Bulletin: Rubens drawing sells for record price at Sotheby’s

Sir Peter Paul Rubens, Nude Study of a Young Man with Raised Arms, black chalk, heightened with white; the two right corners cut; bears inscription in brown ink, on made up lower right corner: Rubens. 491 by 315 mm; 19 3/8 by 12 3/8 in. Estimate $2.5/3.5 million.Sold for $8.2 million. Image courtesy Sotheby’s

NEW YORK – Moments ago in Sotheby’s New York salesroom, Sir Peter Paul Rubens’s Nude Study of Young Man with Raised Arms – one of the most important drawings by the iconic artist to appear on the open market in over 50 years – sold for $8.2 million after intense competition between two bidders during this morning’s sale of Old Master Drawings. Today’s price more than doubled the work’s high estimate of $3.5 million, and established a new world auction record for a drawing by the artist.

This powerful drawing formerly belonged to King William II of the Netherlands and his wife Anna Pavlovna, who together amassed one of the finest collections formed anywhere in Europe in the 19thcentury. While many of the works they owned now reside in major museums, both in the Netherlands and around the world, this drawing was among those that passed down privately through the family.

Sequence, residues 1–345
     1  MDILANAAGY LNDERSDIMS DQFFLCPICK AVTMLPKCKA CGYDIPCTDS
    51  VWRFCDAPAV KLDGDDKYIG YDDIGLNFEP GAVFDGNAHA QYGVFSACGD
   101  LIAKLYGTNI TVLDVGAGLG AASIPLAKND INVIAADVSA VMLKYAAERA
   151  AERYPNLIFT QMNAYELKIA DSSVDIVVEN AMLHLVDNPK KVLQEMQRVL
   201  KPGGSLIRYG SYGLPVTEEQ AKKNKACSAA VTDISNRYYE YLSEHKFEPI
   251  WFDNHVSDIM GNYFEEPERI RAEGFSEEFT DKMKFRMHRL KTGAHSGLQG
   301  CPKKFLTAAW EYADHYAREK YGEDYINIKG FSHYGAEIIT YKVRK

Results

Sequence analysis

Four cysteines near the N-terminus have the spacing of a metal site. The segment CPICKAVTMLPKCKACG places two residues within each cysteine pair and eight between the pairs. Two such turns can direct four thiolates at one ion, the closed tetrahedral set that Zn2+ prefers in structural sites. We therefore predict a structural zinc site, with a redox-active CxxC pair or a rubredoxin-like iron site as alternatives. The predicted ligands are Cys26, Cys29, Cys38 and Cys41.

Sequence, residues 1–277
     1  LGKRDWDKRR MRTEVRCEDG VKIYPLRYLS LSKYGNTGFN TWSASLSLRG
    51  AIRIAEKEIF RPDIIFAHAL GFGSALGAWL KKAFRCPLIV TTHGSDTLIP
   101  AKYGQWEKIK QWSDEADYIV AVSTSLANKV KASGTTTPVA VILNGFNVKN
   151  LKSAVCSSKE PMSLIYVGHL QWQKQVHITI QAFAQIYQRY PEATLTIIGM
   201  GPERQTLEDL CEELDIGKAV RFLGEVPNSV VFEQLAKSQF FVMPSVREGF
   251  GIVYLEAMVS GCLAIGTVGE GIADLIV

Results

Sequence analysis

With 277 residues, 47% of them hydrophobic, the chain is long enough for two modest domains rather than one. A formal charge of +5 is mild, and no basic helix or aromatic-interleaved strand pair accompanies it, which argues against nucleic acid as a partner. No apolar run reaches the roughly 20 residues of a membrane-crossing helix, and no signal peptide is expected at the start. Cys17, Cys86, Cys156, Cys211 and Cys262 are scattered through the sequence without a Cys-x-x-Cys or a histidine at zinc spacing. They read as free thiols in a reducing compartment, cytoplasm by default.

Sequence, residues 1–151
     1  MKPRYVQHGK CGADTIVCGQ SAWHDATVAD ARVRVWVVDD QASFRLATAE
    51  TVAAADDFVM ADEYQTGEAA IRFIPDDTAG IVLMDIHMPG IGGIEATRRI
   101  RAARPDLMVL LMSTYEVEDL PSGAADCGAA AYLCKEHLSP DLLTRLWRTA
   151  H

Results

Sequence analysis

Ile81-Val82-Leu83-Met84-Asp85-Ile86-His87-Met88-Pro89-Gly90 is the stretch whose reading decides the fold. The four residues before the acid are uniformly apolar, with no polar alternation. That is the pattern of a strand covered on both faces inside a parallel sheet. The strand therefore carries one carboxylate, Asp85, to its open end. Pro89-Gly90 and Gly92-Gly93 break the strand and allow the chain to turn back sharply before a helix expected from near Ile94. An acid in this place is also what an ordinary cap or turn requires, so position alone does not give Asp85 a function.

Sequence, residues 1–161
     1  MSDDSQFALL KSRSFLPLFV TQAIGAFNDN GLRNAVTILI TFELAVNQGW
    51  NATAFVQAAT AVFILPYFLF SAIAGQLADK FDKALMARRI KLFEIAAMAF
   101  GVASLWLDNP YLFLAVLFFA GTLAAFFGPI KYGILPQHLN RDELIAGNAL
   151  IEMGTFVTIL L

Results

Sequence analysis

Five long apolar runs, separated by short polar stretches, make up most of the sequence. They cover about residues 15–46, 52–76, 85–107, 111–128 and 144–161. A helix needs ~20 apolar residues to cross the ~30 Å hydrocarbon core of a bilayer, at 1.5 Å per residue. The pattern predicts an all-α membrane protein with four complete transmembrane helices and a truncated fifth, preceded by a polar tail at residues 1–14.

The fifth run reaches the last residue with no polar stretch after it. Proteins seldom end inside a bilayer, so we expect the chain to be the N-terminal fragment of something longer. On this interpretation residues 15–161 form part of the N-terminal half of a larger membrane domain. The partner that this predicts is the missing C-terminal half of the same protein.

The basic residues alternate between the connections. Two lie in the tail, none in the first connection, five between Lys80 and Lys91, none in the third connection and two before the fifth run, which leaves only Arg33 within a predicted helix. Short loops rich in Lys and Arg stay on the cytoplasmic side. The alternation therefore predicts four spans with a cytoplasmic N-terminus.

Sir Peter Paul Rubens, Nude Study of a Young Man with Raised Arms, black chalk, heightened with white; the two right corners cut; bears inscription in brown ink, on made up lower right corner: Rubens. 491 by 315 mm; 19 3/8 by 12 3/8 in. Estimate $2.5/3.5 million.Sold for $8.2 million. Image courtesy Sotheby’s

Gregory Rubinstein, Head of Sotheby’s Old Master Drawings Department, commented: “Created at such an important moment in the artist’s life, there was a real sense of immediacy to this drawing – a sense of looking over the artist’s shoulder as he works. It’s been a real privilege to spend time with this drawing, which has captivated the imagination of all who saw it.”

Drawn by the artist shortly after his return to Antwerp from Italy in late 1608 and in preparation for his monumental altarpiece, The Raising of the Cross, the drawing provides the viewer with a fascinating insight into Rubens’s working methods, as well as the energy and vigor employed by the artist in his best drawings.

Throughout his life, Rubens made substantial, chalk figure studies, but his drawings of this type are at their most imposing and sculptural in these first years back in Antwerp. At this pivotal moment, Rubens made figure studies that are genuinely Michelangelesque in their grandeur, and drawings of this type also take on a more important role in his creative process at this point than at any other time in his career.

The sale also saw a strong price achieved for a red chalk Portrait of a youth, attributed to Agostino Caracci, which sold for $1.5 million – more than 40 times its pre-sale estimate of $35/45,000.

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